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two women turning away from each other; 17, a woman turning her back to a man who stands to front; 13, a woman standing to front and a youth turning away a little ; 14, a woman to the front and a youth rushing away in fear, not of her, obviously, but of something which is happening outside. In short, we have in these central metopes a peaceful scene which is beginning to be broken into by a disturbance from without.
The disturbance has, in fact, begun very seriously. Already five of the Lapith maidens have been seized by Centaurs and carried outside, two on the left of the central group, 10 and 12, and three on the right, 22, 25, and 29. The danger is close at hand. In one instance, 22, the Lapith maiden is being seized hold of at the very side of her two sisters, who approach the sacred image for protection, 21. Of these two, possibly the one on the right with her breast bare has just escaped. The earliest victim was doubtless the one farthest from the centre on the right, 29, which metope we possess in the Museum. The Centaur has had time to throw her up in his arms and make off. In the instances nearer the centre the action is less complete, and in the metope nearest the centre the scene is almost sentimental. Thus a certain gradation of effect seems to have been intended.
In preparing a series of detached groups of sculpture such as the metopes of a Doric temple, it was a difficult task for a sculptor to find some common bond of union for them all. In the temple of Zeus at Olympia there were only twelve metopes. In that case, the twelve labours of Heracles supplied a satisfactory bond of union, and were
appropriate to a national temple. On the Theseum, as it is called, at Athens, the labours of Theseus suggested themselves naturally for the metopes, but as these labours could not be multiplied so as to extend round the whole building, the side metopes were left blank. The archaic metopes which have survived from the Doric temples of Selinus in Sicily appear to have little connection with each other. But there is a wide difference between archaic times, when legends of doughty deeds were so much in favour as to need little coherency one with the other, and the comparatively later times of the Parthenon, when the Greek mind had become more critical, demanding at every turn cause, origin, or association of ideas. On the short ends of the Parthenon, each with only fourteen metopes, we see how one subject could be divided up into the required number of detached groups with no artistic bond uniting them. On the west end was the Amazonomachia, and on the east the Gigantomachia. In these instances the continuity of the subject must have been easily recognisable from the well-known types and attributes of the deities as compared with the giants. The Amazons wearing their peculiar dress and mounted on horseback could be equally well distinguished from the Greeks fighting on foot. But when it came to the long sides of the Parthenon, each with its thirty-two metopes, the problem assumed proportions which it had never reached before. For the first time in art a magnificent effort was made to introduce an artistic centre to the whole series, which should serve obviously as at once cause and effect. The archaic idea of any number of separate legendary groups collected together without any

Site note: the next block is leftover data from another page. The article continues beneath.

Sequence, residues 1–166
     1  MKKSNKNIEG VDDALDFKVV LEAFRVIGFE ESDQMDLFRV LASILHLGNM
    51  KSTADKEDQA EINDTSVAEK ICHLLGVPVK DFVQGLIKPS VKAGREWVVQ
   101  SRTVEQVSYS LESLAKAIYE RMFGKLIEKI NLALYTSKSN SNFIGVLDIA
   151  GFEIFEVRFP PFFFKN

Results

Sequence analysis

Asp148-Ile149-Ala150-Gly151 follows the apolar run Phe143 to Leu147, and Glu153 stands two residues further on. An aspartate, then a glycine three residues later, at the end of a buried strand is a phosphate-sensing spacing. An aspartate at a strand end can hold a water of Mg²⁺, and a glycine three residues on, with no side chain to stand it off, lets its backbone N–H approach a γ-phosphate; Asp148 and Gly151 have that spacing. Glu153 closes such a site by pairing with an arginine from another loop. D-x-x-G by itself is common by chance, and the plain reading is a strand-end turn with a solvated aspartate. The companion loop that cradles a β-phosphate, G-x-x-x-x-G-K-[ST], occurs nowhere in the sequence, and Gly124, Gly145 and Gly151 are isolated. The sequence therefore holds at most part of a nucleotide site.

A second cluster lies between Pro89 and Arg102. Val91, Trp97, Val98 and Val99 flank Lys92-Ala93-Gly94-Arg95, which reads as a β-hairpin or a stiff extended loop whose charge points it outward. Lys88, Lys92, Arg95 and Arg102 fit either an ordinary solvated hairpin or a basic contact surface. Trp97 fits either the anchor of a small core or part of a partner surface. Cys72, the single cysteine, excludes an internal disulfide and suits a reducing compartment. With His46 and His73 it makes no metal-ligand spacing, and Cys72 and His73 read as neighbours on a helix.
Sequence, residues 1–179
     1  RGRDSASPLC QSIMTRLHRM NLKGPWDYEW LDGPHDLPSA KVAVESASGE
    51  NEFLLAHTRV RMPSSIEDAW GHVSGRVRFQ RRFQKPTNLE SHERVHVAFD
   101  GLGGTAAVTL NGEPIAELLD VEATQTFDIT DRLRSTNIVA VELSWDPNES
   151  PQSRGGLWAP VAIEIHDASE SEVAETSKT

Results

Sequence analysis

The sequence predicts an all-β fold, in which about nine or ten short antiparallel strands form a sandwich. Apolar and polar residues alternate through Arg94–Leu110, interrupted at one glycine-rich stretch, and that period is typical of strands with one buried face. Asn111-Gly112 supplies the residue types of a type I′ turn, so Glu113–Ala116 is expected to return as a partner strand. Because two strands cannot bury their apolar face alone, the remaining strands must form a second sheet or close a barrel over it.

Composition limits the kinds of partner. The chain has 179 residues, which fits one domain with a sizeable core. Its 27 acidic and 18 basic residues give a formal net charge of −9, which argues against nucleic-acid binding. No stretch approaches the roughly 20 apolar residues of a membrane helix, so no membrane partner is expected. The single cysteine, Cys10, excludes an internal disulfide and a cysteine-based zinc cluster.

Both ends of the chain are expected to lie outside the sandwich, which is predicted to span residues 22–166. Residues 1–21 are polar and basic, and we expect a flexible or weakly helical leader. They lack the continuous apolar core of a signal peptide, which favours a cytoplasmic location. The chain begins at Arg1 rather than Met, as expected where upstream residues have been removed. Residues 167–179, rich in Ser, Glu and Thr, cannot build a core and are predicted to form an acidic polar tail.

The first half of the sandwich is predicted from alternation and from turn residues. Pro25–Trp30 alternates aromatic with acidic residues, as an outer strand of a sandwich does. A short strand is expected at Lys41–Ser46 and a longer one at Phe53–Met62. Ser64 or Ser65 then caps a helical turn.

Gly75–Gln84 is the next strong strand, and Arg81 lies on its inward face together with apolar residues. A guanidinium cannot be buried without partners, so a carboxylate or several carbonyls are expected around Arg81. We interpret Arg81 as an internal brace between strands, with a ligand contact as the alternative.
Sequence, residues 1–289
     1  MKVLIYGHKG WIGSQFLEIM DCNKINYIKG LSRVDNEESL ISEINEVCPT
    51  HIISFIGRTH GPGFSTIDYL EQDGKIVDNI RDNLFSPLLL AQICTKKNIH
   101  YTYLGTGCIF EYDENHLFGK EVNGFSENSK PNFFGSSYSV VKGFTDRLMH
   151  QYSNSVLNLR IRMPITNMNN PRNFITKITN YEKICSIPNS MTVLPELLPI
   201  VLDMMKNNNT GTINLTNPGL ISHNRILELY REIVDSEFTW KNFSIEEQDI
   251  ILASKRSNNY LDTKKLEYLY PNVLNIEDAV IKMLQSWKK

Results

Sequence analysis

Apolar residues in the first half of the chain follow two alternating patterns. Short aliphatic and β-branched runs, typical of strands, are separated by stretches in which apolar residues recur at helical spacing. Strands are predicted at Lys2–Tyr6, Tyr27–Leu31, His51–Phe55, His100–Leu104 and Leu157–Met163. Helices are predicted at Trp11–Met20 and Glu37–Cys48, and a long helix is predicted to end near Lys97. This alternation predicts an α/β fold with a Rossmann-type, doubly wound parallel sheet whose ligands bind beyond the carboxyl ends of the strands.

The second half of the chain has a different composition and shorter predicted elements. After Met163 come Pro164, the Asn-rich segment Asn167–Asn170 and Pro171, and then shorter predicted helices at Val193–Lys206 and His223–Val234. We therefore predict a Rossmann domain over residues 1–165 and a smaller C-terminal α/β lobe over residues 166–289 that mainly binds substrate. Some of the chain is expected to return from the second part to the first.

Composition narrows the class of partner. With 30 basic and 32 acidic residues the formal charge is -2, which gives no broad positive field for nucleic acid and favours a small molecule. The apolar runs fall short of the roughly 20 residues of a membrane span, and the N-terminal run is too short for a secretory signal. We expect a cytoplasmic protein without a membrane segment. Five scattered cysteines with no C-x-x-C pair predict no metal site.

association except as legends was brought to an end by Pheidias when he applied to it the rationalising spirit of his day on the Parthenon, giving to the whole series of south metopes an artistic unity which was dependent on the central group. No wonder that thereafter we see little of metopes on Greek temples.
We may now examine in detail the Centaur metopes which have survived from the south side of the Parthenon. One would almost have expected that the Centaurs on the left would have rushed uniformly to the left, those on the right to the right. But the sculptor's conception of the scene appears rather to have been that of a general scrimmage. Accordingly, when we look at the series as a whole, they seem to throw themselves into pairs set back to back (1, 2), or face to face (2, 3), while again two groups may be regarded as following one after the other (3, 4). Nos. 4, 5 again present the scheme of back to back. The result is a sense of balance and harmony in the composition, which is greatly aided by the several groups being kept in profile as far as possible, while at the same time the general idea of a scrimmage is kept in view by the irregularity with which the confronting and opposing groups follow each other.